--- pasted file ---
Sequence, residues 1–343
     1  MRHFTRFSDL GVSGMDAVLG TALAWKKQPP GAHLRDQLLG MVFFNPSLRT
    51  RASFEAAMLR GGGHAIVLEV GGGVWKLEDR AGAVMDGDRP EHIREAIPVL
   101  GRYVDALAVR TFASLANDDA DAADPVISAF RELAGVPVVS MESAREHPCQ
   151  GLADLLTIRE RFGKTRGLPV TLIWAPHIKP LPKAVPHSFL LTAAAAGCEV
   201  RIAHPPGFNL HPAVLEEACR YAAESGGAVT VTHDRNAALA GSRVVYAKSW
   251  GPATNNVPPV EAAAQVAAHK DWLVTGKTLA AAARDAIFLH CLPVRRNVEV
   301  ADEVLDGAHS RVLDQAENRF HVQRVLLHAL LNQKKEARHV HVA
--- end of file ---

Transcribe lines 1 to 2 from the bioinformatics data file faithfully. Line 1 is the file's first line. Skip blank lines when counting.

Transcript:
Sequence, residues 1–343
     1  MRHFTRFSDL GVSGMDAVLG TALAWKKQPP GAHLRDQLLG MVFFNPSLRT